Demographic Factors

Wu (2005) examined the attitudes of retail banking customers in South Africa, towards the adoption of e-banking. He observed that demographic factors including age, income, education level and occupation affect the adoption of e-banking. However, psychological factors including perceived relative advantage, perceived compatibility, perceived complexity, perceived risk, and perceived cost were found to influence the adoption of e-banking. He concluded that social influences including opinions of friends, parents and colleagues were not found to be significant factors to influence the adoption of e-banking. Fonchamnyo (2013) showed that customer characteristics such as age, education and marital status have significant influence on their attitude toward the adoption of e-banking. Moreover, Kim et al. (2005) examined the determinants of e-banking adoption based on an individual’s benefits and costs of adopting e-banking. They found that demographic factors, age, income, education, occupation to be significant factors. They noticed that younger and well-educated consumers are more likely to adopt e-banking. They concluded that computer education might be more important than simple promotion or advertising for e-banking use. It is, therefore, hypothesized that:

H6 The use of the e-banking is affected by consumer’s demography.

Safety and Security

Sathye (1999) used individual residents and business firms as a sample to examine the factors affecting the adoption of e-banking and found that security concerns and lack of awareness about e-banking are the main obstacles. Internet security is a major factor inhibiting wider adoption. Wang et al. (2003) found that the “perceived credibility” reflects the user's security and privacy concerns in the acceptance of e-banking. Al-Sabbagh & Molla (2004) provided evidence that security interest is one of the major factors that affect the adoption of e-banking. Kolodinsky et al. (2004) reported significant association between the adoption of the e-banking and the security factor. They also found that the adoption changed over time, but the impacts of other factors on adoption have not changed.

Samphanwattanachai (2007) used Delphi study to examine the experts’ opinion about e-banking adoption and detected that the number of Internet users, trust, and security are the main factors that affect E-banking adoption by the customers. Al-Smadi (2012) attempted to identify and understand factors that affect bank customers' use of e-banking services and established that uncertainty avoidance has a positive and significant impact on perceived ease of use and perceived usefulness. He also observed that perceived risk has the stronger impact on customers' attitude, which in turn influences customers' intention to use electronic banking services. Omar et al. (2011) noticed that customers prefer e-banking services over branch banking due safety and security among other factors. Fonchamnyo (2013) found that the perceived security and trust have significant influenced on customer’s attitudes and the adoption of e-banking. Gunaratnam et al. (2018) explored the influencing factors of e-banking practices and noticed that privacy and convenience is one of them. Anouze & Alamro (2019) considered factors affecting the adoption of e-banking and identified security as a significant one. Lin et al. (2020) proposed a research model to explore the key factors affecting consumers’ willingness to use e-banking. They witnessed differences in the factors that companies and consumers adopted. The primary factor valued by both companies and consumers is trust. Alhassany & Faisal (2018) observed that risk has weak negative impact on the adoption of e-banking. It is, therefore, hypothesized that:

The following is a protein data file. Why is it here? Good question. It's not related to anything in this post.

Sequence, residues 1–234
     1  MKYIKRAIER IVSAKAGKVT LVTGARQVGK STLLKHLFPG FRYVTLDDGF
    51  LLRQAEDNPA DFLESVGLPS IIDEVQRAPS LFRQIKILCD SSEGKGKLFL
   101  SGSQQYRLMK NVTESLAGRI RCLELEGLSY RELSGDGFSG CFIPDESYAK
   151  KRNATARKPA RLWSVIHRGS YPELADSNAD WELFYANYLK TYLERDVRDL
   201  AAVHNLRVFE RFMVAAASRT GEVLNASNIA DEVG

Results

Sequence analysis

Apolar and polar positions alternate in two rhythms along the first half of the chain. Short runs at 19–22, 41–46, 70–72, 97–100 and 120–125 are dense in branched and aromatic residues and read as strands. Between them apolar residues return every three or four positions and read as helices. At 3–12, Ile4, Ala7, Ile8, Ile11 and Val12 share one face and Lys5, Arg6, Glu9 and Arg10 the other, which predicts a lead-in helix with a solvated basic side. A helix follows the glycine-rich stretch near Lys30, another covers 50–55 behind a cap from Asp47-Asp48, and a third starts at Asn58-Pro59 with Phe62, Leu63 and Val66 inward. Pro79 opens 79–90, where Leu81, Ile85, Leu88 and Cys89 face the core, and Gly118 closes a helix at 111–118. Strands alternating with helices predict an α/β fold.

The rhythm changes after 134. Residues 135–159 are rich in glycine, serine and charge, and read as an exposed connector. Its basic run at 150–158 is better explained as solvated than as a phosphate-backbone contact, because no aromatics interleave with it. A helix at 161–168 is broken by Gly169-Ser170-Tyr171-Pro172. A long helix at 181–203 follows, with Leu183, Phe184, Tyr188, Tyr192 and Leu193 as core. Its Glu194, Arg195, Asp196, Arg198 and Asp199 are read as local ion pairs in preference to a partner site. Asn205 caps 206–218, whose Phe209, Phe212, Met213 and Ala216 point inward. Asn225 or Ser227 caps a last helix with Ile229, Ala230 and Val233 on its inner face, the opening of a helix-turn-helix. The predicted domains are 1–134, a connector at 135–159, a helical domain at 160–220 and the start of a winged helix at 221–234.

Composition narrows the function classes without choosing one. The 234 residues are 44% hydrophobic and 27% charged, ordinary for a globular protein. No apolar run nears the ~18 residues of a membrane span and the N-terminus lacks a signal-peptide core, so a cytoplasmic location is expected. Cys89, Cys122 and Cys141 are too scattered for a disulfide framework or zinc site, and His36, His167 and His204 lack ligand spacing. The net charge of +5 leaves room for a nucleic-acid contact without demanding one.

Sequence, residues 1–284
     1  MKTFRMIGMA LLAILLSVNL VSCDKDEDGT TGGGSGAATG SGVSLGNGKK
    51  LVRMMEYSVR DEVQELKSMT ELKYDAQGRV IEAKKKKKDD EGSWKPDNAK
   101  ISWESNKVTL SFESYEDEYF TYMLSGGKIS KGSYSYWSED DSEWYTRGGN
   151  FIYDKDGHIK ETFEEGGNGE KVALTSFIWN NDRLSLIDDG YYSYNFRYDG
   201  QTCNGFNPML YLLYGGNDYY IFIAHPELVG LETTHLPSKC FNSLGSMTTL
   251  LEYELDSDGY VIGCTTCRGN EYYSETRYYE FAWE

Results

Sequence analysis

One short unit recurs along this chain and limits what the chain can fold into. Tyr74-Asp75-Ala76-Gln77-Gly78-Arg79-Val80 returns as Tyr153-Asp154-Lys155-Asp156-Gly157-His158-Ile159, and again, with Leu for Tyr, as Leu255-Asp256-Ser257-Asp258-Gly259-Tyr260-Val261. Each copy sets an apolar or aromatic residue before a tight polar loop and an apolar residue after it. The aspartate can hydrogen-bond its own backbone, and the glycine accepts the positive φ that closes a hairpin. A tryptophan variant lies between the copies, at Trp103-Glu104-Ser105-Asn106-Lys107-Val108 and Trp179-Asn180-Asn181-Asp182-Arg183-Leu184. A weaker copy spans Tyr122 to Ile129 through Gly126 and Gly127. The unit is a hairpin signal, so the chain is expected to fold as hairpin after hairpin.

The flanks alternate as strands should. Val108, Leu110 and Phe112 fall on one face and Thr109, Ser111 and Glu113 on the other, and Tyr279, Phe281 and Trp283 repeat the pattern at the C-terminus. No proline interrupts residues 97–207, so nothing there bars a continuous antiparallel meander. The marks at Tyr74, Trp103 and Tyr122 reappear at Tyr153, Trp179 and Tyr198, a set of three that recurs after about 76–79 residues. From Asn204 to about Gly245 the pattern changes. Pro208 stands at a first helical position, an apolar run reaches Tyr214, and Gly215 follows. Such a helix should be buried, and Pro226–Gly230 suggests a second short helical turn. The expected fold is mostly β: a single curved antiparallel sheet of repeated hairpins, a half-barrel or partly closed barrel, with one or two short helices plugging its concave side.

H7 The use of the e-banking is affected by safe and security.


To test the above hypotheses, 500 questionnaires were distributed to banks customers. 320 questionnaires collected resulting in 64% usable response rate. The questionnaires contained two sections. This first section seeks information about the participants’ demographic features including their nationality, gender, age, marital status, level of education, income and the sector where the participant works (public or private sector). The second section of the questionnaire contained various factors employed in the literature to explain the adoption of e-banking or otherwise. Each factor was comprised of a set of statements and the participants were asked express their perception on a five Likert scale ranging between strongly disagree (1) to strongly agree (5). A summary of the factors and the statements is presented in Table 1.

Table 1 Factors Affect the Adoption of E-Banking
Factor Statement
Relative advantage (1) IB accomplishes tasks quickly.
IB improves work’s quality.
IB enhances job’s effectiveness.
IB makes my life easier.
IB allows me to manage my finances better
IB saves my time.
IB makes me more comfortable
Relative advantage (2) Internet banking is cost-effective
The Internet installation cost is expensive
The telecommunication cost is expensive.
Internet banking service fee is expensive.
Compatibility IB suits my life style.
IB fits my work style.
IB makes my lifestyle more convenient.
Internet banking programme facilitates my finances.